The music Austin Lunn makes as Panopticon sets itself apart from the crowded American black metal field simply by scanning as more American than its competition. His 2012 breakthrough, Kentucky, was particularly revelatory. Distorted guitars and blastbeats collided with fiddle, banjo and tin whistle. Three of the tracks were covers of coal miners’ protest songs. More than any of Lunn’s earlier folk-inflected work, Kentucky struck a blow to rigid USBM convention, and from a completely different angle than, say, Liturgy or Deafheaven.
Roads to the North, the fifth Panopticon full-length, sees Lunn honing the techniques he employed on Kentucky to devastating effect. Where a bluegrass lick may have once been placed at a safe distance from a blistering black metal riff, Lunn here ably combines his disparate musical interests within the same song — and often the same passage. “Where Mountains Pierce the Sky” lets a snaking fiddle follow the black metal action for much of its duration, even permitting it some beautifully bowed melodies while gnarled guitars churn beneath. The three-part album centerpiece “The Long Road” separates its earnest bluegrass section (“One Last Fire”) from the heavy parts, but the transition between the suite’s first two movements is as viscerally satisfying as anything in the Panopticon discography.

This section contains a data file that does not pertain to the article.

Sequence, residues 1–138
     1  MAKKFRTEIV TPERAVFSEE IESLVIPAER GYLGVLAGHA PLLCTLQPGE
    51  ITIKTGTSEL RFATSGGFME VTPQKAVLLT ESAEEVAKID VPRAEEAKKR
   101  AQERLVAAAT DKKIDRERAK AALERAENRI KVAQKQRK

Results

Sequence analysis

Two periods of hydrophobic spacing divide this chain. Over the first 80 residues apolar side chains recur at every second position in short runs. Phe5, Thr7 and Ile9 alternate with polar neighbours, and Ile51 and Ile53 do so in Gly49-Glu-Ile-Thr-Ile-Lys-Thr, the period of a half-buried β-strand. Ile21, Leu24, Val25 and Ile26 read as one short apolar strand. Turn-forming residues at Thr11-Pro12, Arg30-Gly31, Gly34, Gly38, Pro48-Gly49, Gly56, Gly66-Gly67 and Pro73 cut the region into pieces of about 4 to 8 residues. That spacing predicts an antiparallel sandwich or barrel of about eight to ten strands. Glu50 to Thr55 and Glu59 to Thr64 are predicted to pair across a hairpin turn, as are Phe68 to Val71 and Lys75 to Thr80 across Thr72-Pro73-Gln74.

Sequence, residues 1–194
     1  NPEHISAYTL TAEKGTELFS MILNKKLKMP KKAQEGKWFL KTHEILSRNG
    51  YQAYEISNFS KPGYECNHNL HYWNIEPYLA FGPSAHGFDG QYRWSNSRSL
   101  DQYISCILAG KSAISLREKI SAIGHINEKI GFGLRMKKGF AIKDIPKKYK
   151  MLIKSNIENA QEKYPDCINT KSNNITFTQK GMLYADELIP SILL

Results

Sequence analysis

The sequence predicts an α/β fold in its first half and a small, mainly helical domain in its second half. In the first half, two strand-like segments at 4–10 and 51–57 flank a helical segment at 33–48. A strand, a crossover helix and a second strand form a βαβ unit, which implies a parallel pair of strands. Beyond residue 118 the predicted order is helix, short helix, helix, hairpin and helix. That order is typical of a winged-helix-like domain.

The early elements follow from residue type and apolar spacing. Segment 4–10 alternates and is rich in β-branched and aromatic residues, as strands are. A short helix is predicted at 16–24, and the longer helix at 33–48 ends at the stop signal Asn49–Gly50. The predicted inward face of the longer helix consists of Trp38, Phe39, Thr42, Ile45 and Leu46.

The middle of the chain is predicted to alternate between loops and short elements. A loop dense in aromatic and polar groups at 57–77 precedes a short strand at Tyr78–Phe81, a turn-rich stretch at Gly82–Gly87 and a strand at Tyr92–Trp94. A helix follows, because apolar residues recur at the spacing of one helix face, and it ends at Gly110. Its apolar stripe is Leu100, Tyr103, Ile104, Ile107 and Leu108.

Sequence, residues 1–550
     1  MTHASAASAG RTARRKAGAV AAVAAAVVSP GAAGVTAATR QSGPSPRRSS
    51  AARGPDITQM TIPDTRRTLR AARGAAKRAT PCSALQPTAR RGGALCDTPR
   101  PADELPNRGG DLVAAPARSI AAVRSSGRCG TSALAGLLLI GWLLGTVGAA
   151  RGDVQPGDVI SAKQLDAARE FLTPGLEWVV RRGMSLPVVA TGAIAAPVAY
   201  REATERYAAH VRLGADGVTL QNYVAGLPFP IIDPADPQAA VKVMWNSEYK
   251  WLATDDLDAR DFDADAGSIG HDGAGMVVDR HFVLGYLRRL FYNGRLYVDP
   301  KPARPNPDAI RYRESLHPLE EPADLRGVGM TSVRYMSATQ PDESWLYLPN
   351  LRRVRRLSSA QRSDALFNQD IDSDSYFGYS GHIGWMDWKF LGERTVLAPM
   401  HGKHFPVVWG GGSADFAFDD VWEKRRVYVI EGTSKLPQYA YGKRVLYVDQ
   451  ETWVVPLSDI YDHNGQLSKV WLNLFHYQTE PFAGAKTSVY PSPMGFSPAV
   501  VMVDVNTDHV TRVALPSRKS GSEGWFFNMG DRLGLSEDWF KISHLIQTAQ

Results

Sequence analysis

Panopticon’s greatest strength still lies in Lunn’s willingness to consciously orient his songs in Americana, especially Appalachia. Few of his USBM peers could do the same without drawing the scorn of purists. Roads to the North‘s lone folk song is a subversive acknowledgment of that: Its title is “Norwegian Nights,” but nowhere on the record does Panopticon stray further from the sonic blueprint of Burzum and Darkthrone. Lunn has liberated himself from the demands of black metal orthodoxy, and his music is free to gaze homeward.